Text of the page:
EXISTING WORK

There are several commercial products available in the market for packet inspection to perform matching like ClassiPI from PMC-Sierra [12]. It is a classification processor for networks which is used for packet classification and to perform packet scanning on strings and on regular expressions also for content searches on packets and it is implemented as Application specific integrated circuit (ASIC).

An approach was taken by Gokhale et. al. [11] which uses the idea of CAM (Content Addressable memory) In this approach the data in the packets are checked against the contents of a CAM and it produces a match vector if a match is found and then it associates the match vector with the data and forwards it for further processing. In this approach the contents in the CAM can be changed so this approach is dynamically reconfigurable.

An Approach by Cho et. al [8] used deep packet filtering to search for multiple string patterns and also introduced the idea of using ROM. In this approach the incoming data from the network is searched for a string prefix and the matched prefix is used as an address by the ROM to search for remaining part of the string. Their approach also reduced the area cost as they used logic reuse techniques eliminating duplicate patterns and also by sharing the substring comparators.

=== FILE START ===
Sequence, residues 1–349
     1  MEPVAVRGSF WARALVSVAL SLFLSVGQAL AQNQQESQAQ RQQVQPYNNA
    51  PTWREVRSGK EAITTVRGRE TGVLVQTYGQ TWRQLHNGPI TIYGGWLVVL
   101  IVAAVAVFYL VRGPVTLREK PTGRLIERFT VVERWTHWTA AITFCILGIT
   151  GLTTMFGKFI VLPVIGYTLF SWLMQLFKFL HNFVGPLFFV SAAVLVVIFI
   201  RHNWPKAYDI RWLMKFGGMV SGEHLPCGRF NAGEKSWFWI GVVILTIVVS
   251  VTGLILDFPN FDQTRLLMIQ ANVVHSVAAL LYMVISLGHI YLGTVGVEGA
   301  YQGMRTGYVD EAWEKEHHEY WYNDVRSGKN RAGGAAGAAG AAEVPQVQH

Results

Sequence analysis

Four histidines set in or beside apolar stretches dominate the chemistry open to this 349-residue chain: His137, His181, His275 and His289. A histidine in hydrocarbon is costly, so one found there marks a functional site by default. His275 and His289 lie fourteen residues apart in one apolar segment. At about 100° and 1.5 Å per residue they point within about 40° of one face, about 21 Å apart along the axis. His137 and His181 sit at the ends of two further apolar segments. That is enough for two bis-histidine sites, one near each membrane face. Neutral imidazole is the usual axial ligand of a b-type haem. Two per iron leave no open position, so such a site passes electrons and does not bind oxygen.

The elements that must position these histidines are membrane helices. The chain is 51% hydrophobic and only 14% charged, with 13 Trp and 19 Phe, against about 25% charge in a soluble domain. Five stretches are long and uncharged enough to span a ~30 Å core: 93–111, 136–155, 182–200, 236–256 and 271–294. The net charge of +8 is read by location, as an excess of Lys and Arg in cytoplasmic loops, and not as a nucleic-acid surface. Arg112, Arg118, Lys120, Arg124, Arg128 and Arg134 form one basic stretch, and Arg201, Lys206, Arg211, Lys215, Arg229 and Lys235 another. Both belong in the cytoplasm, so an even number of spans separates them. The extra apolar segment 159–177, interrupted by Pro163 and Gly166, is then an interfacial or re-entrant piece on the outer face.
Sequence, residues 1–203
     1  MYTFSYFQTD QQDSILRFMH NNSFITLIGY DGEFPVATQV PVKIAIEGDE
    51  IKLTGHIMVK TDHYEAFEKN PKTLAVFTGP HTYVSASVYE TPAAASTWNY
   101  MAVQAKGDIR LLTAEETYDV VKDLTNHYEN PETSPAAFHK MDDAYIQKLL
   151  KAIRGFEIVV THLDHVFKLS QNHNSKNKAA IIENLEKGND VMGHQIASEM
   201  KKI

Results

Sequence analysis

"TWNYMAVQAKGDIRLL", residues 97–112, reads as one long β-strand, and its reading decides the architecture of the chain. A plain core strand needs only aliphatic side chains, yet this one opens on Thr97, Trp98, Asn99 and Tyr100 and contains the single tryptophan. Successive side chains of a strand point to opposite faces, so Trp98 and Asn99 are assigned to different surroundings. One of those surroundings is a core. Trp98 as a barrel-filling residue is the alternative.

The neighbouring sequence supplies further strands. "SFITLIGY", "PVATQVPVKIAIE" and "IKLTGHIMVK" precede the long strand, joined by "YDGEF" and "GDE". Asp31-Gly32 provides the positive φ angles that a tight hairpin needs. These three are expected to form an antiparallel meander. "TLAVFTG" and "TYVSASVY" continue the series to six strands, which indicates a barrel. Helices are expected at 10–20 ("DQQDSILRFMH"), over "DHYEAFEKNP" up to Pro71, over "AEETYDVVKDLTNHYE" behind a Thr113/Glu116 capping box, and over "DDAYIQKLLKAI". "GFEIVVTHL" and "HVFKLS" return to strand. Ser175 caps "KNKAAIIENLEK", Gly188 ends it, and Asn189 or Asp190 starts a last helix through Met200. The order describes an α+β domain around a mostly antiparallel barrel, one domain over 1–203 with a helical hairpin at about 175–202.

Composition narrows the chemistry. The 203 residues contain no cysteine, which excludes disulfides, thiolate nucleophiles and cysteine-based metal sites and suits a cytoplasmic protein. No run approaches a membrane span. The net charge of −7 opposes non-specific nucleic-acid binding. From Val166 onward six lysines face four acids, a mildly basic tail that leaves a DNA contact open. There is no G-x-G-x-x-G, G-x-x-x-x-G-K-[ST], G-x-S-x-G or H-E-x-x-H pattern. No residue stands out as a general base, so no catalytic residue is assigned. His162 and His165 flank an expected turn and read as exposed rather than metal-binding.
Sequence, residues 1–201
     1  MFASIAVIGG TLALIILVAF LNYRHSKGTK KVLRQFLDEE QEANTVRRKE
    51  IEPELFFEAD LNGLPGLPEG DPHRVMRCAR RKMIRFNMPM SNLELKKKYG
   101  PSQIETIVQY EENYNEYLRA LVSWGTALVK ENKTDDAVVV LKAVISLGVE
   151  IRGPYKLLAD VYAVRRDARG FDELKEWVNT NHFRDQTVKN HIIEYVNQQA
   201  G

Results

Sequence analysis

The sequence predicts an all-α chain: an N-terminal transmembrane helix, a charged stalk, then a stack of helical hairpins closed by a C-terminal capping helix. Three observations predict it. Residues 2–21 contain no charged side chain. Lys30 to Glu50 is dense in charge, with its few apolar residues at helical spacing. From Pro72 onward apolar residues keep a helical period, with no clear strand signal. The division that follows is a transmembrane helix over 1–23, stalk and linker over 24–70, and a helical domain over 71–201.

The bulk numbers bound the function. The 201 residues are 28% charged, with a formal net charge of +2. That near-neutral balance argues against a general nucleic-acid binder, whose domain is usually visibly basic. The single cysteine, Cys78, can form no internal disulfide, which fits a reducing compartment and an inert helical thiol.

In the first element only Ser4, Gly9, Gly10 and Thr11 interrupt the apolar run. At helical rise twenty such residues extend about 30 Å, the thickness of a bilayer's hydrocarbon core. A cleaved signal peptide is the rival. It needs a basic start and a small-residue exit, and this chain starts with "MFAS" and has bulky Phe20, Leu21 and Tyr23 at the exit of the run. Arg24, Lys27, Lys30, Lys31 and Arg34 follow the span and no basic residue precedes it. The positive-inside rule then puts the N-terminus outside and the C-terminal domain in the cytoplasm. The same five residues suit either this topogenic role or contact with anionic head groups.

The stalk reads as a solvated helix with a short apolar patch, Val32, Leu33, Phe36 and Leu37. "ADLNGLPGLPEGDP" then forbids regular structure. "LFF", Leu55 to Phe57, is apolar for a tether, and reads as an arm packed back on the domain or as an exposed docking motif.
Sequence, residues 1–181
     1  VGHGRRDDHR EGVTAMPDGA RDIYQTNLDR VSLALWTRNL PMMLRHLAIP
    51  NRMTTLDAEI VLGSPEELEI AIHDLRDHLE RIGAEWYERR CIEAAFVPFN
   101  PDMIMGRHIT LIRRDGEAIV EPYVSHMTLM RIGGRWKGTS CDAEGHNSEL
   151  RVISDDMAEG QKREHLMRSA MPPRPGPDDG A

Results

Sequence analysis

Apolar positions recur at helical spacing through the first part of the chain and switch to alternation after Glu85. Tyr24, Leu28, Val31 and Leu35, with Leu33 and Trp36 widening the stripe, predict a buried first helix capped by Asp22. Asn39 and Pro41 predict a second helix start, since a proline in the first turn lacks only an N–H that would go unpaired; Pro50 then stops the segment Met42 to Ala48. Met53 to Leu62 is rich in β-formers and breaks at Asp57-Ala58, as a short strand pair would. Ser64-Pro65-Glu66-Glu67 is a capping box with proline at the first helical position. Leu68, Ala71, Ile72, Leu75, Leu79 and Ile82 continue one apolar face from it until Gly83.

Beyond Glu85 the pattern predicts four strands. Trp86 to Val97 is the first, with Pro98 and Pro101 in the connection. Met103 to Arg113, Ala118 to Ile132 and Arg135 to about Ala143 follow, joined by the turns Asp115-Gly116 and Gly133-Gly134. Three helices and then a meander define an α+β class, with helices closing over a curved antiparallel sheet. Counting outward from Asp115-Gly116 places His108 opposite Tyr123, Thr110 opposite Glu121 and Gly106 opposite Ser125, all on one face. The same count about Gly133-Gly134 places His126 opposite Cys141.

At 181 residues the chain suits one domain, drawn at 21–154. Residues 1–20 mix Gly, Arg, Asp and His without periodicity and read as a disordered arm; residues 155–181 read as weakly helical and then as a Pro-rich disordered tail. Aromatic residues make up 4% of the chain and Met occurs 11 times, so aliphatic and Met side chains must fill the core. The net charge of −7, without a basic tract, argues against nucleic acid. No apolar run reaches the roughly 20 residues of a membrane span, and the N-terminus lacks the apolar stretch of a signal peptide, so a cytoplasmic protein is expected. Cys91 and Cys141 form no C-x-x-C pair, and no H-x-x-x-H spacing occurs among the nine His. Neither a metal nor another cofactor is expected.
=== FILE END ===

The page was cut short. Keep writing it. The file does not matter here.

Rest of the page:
An approach by Baker and Prasanna [13] also uses the idea of CAM, this approach uses the method of pre-processing of complex patterns to achieve better clock frequency and also to reduce the area size as identical patterns will be put together. Their approach is designed to support large database of patterns using graph based partitioning and min-cut partitioning. They proved that their approach can also be used to perform comparisons on multi-byte input of data. Their methodology also uses an AND function to AND the decoded inputs and produce a "match".

Another interesting approach was used by Attig, Dharmapurikar and Lockwood [14] which uses the idea of using Bloom filters for string matching. A bloom filter when used with FPGA allows to search for large number of strings. In this approach a hash table is also used to check if the match occurred is a false match or an exact match. This approach has a drawback that false positive matches may exist.

FINITE AUTOMATA APPROACHES

One such approach to convert the matching operation to a FPGA based automata was first suggested by Sidhu and Prasanna [7], it involves constructing hardware NFA (Nondeterministic Finite Automata) for a given regular expression. The NFA approach requires less time and save space as compared to constructing a DFA (Deterministic Finite Automata) and allow us to match even complex regular expression without converting it to DFA. This is achieved by dynamic reconfiguration and parallelism.